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Climate Change Adaptation and Disaster Risk Reduction: Issues and Challenges
Type: Book
ISBN: 978-0-85724-487-1

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Article
Publication date: 25 September 2017

Godfrey Baldacchino

This paper offers a critical review of climate change related initiatives in small island states, including Small Island Developing States (SIDS), which can end up as…

Abstract

Purpose

This paper offers a critical review of climate change related initiatives in small island states, including Small Island Developing States (SIDS), which can end up as ontological traps: fuelled and supported by external donor agencies, thwarting out-migration and shifting scarce and finite resources away from other, shorter-term and locally spawned development trajectories and objectives.

Design/methodology/approach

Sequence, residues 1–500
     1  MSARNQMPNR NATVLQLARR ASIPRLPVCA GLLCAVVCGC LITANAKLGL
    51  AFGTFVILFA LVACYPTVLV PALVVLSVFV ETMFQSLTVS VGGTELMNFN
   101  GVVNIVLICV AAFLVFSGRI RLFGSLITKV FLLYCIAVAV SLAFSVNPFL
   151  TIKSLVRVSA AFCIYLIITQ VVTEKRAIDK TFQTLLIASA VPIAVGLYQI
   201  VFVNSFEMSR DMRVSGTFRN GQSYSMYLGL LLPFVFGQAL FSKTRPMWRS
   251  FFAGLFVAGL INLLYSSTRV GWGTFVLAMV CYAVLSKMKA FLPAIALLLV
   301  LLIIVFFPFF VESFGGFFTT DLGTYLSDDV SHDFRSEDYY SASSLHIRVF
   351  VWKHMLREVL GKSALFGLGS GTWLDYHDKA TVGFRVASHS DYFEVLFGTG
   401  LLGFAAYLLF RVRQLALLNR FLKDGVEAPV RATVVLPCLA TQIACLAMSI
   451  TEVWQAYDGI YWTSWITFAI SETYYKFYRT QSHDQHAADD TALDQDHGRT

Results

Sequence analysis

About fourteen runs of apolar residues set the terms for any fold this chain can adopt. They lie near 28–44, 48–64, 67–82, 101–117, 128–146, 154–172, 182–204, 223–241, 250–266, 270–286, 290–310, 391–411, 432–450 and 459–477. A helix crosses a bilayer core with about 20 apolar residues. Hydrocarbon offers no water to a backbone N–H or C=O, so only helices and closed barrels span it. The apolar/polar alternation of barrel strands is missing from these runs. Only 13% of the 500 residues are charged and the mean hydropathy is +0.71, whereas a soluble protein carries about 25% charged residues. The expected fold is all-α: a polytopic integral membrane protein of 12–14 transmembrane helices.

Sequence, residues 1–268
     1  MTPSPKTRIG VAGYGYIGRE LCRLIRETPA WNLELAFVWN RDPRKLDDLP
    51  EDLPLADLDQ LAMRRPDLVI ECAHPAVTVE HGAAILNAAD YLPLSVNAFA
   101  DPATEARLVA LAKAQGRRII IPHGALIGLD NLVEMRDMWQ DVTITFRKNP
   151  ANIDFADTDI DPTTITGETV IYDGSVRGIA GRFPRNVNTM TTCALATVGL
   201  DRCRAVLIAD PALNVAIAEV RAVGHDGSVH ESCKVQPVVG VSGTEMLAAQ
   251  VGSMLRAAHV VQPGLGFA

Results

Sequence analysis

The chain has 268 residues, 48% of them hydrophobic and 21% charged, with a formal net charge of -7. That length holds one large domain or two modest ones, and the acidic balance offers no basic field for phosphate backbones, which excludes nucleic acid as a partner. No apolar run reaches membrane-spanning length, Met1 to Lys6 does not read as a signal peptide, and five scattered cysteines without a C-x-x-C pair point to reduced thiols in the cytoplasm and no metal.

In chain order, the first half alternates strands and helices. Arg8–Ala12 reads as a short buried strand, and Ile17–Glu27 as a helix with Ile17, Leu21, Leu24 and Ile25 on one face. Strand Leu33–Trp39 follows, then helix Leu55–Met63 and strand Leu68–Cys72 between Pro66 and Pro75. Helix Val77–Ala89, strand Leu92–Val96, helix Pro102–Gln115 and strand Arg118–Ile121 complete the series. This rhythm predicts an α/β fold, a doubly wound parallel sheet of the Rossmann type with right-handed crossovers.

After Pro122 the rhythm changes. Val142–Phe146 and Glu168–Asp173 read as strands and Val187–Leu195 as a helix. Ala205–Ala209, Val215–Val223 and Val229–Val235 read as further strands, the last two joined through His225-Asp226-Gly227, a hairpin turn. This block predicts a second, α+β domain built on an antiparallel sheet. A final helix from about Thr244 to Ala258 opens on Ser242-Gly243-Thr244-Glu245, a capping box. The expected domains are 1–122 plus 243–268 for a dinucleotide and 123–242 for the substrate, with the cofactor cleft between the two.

This paper is based on a selective literature review. It clusters important themes found in published research and policy documents.

Findings

The results identify a burgeoning critical voice in regards to resilience and its legitimation of climate change driven projects in SIDS. This paper recommends a more nuanced approach which also privileges migration.

Originality/value

This paper provided a critical overview and synthesis of the immobility implicit in much climate change related work, through the critical lens of island studies and post-colonial studies.

Details

International Journal of Climate Change Strategies and Management, vol. 10 no. 2
Type: Research Article
ISSN: 1756-8692

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Abstract

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Innovation Africa
Type: Book
ISBN: 978-1-78560-310-5

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Article
Publication date: 17 October 2008

Clem Tisdell

The purpose of this paper is to outline the cause of global warming, its trends and consequences as indicated by the International Panel on Climate Change. Sea‐level rise…

Abstract

Purpose

The purpose of this paper is to outline the cause of global warming, its trends and consequences as indicated by the International Panel on Climate Change. Sea‐level rise is one consequence of particular concern to Pacific Island states. It also reviews the views of economists about connections between economic growth and global warming.